There were mangoes in fruit on a single tree that grew, audaciously, on its own. None of the mangoes were perfectly formed. Neither were they smooth-skinned and creamy-yellow like supermarket pile mangoes that you buy under a blast of air-conditioning. Some were still a gradient of yellow to green with black markings. Some, though, with tantalizing globules of sap inching - so slowly that they appear to have crystalized - down their sides, were already subject to little squirming maggot’s munching, a soft patch revealing the site of the feast. When the tree is in fruit the ground is constantly littered with mangoes of an entire spectrum of stages of decomposition, much to the delight of the fussy hermit crabs, insects and of course, certain people. I think I’ve ate at least a hundred, two or three hundred mangoes in this short human life under Pandora, and it might not surprise you that I would be honored to share a mango with the larvae of a resourceful fly…
Inflated Beetle (Cysteodemus armatus)
….a species of desert spider beetle (Cysteodemus spp.) that is distributed throughout the Colorado and Mojave Deserts in North America. Adult C. armatus feed mainly on creosote bush (Larrea tridentata) but are known to feed on a wide number of other plants as well. They are typically active from Febuary to June and when threatned they can exude a hemolymph which can cause blistering of the skin. Cysteodemus armatus larvae inhabit the subterranean nests of solitary bees and will pillage the bees’ food stores.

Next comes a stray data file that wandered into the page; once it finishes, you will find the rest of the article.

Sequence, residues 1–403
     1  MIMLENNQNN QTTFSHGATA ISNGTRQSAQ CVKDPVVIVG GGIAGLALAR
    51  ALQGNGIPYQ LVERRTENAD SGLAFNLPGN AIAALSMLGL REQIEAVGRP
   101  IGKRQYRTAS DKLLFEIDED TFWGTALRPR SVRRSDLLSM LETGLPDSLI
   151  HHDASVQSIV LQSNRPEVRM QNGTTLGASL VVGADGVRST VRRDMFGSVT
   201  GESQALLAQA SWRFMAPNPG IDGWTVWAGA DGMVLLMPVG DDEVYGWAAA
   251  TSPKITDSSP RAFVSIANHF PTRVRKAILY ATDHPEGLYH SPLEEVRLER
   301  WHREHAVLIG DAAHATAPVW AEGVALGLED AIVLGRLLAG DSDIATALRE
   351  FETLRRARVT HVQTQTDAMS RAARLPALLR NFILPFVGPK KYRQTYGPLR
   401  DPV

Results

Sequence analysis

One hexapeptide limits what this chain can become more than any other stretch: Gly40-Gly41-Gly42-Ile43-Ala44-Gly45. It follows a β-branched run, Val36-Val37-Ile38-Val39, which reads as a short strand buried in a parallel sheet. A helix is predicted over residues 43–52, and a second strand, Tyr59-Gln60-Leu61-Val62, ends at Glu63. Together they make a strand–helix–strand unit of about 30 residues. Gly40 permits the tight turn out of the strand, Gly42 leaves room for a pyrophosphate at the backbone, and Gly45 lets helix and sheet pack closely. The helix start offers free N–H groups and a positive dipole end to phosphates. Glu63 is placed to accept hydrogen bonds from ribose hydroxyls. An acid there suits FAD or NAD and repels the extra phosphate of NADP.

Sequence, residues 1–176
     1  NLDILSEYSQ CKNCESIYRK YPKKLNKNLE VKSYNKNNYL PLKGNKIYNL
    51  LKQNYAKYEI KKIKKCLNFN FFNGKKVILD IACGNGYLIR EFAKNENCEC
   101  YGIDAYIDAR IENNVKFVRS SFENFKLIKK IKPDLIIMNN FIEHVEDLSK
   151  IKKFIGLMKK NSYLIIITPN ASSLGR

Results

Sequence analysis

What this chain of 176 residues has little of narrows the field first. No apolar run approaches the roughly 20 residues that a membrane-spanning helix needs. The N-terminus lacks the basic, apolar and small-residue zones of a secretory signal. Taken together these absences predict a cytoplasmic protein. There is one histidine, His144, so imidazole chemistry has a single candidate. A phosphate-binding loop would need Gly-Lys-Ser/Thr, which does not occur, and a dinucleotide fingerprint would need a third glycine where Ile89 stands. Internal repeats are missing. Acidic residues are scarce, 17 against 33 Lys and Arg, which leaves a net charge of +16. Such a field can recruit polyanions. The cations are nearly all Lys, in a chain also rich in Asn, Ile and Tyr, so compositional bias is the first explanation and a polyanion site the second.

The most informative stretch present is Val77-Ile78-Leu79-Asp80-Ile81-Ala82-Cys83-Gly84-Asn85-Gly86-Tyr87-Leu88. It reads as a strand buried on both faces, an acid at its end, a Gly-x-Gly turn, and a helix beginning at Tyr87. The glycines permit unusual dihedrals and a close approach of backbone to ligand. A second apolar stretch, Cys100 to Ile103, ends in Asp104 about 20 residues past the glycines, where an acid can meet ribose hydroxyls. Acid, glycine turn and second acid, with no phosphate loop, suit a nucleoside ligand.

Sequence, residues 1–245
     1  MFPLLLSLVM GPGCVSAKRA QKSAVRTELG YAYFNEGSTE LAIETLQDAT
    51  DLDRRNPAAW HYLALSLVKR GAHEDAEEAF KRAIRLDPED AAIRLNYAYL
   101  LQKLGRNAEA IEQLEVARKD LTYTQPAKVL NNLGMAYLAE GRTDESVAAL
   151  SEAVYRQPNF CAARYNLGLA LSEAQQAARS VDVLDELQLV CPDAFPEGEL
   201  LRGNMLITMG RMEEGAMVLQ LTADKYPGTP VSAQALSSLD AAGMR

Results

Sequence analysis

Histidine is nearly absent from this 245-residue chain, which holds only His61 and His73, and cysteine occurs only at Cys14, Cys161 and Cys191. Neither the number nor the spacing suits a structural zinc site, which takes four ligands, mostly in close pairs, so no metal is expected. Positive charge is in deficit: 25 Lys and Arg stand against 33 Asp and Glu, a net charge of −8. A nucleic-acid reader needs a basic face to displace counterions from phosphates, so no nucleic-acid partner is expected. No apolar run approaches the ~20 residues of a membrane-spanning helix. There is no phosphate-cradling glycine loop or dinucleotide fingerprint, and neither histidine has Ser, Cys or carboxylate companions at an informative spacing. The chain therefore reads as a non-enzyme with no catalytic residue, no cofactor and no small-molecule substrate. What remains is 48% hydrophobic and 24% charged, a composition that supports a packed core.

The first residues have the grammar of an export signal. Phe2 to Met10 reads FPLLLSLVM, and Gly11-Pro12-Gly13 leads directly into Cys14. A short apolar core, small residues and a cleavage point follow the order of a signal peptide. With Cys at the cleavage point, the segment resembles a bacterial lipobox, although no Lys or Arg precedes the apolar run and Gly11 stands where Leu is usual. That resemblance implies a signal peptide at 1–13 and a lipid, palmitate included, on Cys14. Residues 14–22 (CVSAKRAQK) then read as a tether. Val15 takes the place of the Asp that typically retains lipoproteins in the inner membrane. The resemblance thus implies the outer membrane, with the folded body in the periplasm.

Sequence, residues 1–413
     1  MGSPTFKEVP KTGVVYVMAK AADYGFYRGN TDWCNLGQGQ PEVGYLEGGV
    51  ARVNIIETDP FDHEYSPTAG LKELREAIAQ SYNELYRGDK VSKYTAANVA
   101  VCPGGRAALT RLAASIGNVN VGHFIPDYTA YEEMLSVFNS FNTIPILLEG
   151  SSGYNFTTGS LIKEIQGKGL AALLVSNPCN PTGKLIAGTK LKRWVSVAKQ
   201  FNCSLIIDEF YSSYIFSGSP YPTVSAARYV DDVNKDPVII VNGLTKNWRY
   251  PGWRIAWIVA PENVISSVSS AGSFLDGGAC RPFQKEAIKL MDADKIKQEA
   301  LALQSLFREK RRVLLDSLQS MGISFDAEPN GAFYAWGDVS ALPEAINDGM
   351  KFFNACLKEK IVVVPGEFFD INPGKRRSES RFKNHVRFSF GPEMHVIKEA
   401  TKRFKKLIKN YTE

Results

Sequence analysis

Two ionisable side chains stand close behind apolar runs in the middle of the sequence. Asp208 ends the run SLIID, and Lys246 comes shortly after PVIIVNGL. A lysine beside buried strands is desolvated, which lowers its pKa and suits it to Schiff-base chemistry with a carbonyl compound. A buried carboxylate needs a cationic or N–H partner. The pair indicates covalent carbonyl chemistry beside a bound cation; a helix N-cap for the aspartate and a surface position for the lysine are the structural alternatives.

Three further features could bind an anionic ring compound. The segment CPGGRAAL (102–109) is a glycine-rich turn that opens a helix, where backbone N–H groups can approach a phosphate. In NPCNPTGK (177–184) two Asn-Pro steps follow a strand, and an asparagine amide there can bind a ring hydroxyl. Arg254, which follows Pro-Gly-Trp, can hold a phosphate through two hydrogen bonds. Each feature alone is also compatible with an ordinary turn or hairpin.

TOUCH ME AND I’LL EXUDE HEMOLYMPH ON YOU
And Bird Beak Tutorial 2 is up, guys. Bird beak 3 tutorial will be on the makes. I really hope you like it and that it could be useful to you and your followers. Again, spreading the word means tons to us and we really thank you all for that.
I’ve been trying pretty damn hard to send thank you notes to every new follower and reblog, but somehow Tumblr doesn’t allow a certain amount of Asks? Are these limited? Oh well, but at least some of you receive the thank you ask on your account :)